A look through the EARA report  shows why. Any MEPs (Members of the European Parliament) hoping to hear new evidence from Dr Ray Greek and Dr Andre Menache, the scientific advisors who the Stop Vivisection Initiative organizers had brought along, were in for a  disappointment, as instead they presented a veritable greatest hits of anti-vivisection claims. Their testimony included Dr Ray Greek’s trademark  misrepresentation of what “prediction” means in biomedical research, while Dr Menache reheated the old 0.0004% myth. Surprisingly, these were far from being the worst claims made by supporters of the Stop vivisection initiative. Particularly low points came when MEP, and initiative supporter,  Anja Hazekamp stated that there has been massive increase in animal testing (The EU’s own statistics show the opposite) and when Claude Reiss, one of the organizers of the Stop Vivisection petition, ventured deep into conspiracy theory territory with a claim that there is a patent on HIV treatment that completely cleans the virus from the body, but has not been developed because it is not profitable.

In contrast the voice of science was very ably represented. Professor Francoise Barré – Sinoussi, 2008 Nobel Laureate in Physiology or Medicine for her role proving that HIV causes AIDS, put forward a very strong case for the importance of animal research in advancing medicine, and repeatedly demolished false claims made by anti-vivisectionists, particularly claims that animal research had not made a useful contribution to HIV research and the development of a vaccine against HIV infection. On this she is on safe ground as there is no doubt that animal research has made very important contributions to HIV research and development of therapies (for examples see here, here and here), and while development of an effective vaccine has been slow – because it’s very, very difficult – there has been real progress in recent years, and most HIV experts is that studies in  non-human primate models of the infection have a critical role to play in evaluating potential vaccination strategies.

Francoise Barré - Sinoussi, undoubted star of the EU parliament hearing.

Francoise Barré – Sinoussi, undoubted star of the EU parliament hearing.

Throughout the hearing one very important voice was conspicuous by its absence, that of the patients who rely on medical research. MEP Françoise Grossetête, who spoke in favor of retaining Directive 2010/63/EU, noted in particular that EURORDIS, the organization that represents rare disease patients in Europe, had not been invited to present evidence at the hearing. We hope that the EU commission will now actively seek the advice of EURORDIS and other European patient organizations before making their final decision.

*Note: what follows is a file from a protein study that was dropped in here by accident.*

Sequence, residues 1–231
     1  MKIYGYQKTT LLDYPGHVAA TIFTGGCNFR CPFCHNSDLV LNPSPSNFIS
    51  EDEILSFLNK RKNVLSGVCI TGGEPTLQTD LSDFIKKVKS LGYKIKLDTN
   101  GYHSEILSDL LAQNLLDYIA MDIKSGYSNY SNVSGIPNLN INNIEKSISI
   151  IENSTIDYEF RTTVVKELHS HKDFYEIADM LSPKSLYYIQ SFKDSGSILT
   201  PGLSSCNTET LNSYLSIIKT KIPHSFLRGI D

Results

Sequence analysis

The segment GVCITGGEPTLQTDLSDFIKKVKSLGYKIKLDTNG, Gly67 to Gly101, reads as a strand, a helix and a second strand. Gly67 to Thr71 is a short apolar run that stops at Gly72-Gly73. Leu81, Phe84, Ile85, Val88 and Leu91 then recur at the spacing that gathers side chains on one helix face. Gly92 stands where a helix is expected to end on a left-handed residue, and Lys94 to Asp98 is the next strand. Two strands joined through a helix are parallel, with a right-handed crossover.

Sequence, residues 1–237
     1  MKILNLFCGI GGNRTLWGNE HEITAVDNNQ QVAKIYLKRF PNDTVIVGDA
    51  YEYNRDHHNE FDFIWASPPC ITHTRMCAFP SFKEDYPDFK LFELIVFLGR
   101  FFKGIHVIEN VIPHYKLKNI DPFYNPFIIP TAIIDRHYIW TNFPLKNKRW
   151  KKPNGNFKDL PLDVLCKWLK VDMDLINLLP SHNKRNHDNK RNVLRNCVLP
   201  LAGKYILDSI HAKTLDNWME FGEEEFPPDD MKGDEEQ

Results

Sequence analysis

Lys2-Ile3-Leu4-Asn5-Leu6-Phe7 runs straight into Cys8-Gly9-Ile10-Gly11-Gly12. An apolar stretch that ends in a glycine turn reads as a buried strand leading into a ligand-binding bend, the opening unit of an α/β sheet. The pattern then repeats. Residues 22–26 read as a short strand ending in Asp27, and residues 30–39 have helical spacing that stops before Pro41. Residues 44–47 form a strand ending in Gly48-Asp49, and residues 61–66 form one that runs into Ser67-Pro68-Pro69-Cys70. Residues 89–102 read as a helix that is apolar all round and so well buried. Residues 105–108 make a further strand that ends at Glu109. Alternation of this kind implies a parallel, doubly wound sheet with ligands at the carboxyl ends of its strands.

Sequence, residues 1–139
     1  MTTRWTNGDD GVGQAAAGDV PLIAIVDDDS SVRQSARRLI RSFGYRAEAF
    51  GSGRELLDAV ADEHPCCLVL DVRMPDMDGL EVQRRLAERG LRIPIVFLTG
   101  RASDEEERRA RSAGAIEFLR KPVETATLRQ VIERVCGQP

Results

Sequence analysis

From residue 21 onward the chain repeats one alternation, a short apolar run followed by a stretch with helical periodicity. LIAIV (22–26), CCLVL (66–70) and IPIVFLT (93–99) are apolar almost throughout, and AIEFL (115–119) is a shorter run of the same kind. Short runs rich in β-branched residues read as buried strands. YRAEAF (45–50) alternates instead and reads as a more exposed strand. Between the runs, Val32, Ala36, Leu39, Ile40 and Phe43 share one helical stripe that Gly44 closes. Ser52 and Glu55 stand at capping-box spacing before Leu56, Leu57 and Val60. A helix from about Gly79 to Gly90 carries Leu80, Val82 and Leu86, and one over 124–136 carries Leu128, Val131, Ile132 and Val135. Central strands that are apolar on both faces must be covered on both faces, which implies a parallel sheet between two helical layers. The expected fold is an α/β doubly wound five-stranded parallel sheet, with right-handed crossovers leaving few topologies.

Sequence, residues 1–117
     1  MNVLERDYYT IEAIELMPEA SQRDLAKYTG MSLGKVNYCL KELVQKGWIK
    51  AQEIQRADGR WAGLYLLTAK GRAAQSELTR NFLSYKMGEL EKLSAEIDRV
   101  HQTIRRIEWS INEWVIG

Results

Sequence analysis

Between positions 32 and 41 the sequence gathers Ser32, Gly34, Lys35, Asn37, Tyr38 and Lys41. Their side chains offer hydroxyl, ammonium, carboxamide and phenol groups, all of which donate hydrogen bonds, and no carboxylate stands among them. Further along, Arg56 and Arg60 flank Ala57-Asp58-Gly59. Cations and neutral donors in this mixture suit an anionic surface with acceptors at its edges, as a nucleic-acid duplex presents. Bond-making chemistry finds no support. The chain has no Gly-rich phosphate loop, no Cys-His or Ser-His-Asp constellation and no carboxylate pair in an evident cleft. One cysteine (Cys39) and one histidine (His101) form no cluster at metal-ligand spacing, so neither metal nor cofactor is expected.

What happens now?

At the hearing the Vice-President of the European Commission confirmed that the Commission will provide a formal response to the initiative by 3 June 2015. On the basis of what we saw at the hearing, and the fact that the majority of MEPS present were in favor of retaining Directive 2010/63/EU, it is a near certainty that the EU commission will reject the Stop Vivisection initiative and retain the Directive.

In 2017 the Directive will undergo it’s first 5 year review, which is likely to focus on its implementation across the EU, but the commission have also promised to organize a scientific conference that year to discuss the validity of animal research. With that in mind it’s good to see that last week’s Nature editorial noted that scientists across the EU are becoming increasingly – and refreshingly – vocal on the need to support animal research as a pillar of scientific and medical progress. In recent weeks we’ve seen thousands of scientists sign a motion of solidarity with a neuroscientist targeted by animal rights extremists in Germany, more than 140 research organizations, patient organizations, medical research funders and scientific associations sign up to a statement in support of Directive 2010/63/EU, Sixteen European Nobel laureates publish an open letter in UK and German newspapers to rebut the Stop Vivisection campaign. We’ve also seen several excellent letters appear in the national press, including a letter in the Times by Steve Ford, Chief executive of Parkinson’s UK, on the importance of animal research, and articles such as that written by Oxford University Duchenne muscular dystrophy researcher Professor Kay Davies.

The Stop Vivisection Initiative may have almost run its course, but the threat to the future of biomedical science in the EU is sadly never very far away. We hope that the current re-invigoration of the European scientific community continues, and that scientists strengthen and expand their engagement with politicians, journalists and citizens in the run-up to 2017 and beyond.

Speaking of Research

Zebrafish: the rising star of animal models

Today we have a guest article by Jan Botthof, a PhD Student at the Cambridge University Department of Haematology and the world renowned Wellcome Trust Sanger Institute. Together with the EMBL-European Bioinformatics Institute – with which it shares the Genome Campus a few miles south of Cambridge – the Sanger Institutes is one of the World’s top centres of expertise for genome research. As EMBL-EBI’s associate director Ewan Birney highlighted in a recent article for the MRC Insight blog, by studying the biology of a wide variety of model organisms – including humans and zebrafish among many others – the more than one thousand scientists working on the Genome Campus a gaining critical insights into biology that are advancing 21st century medical science.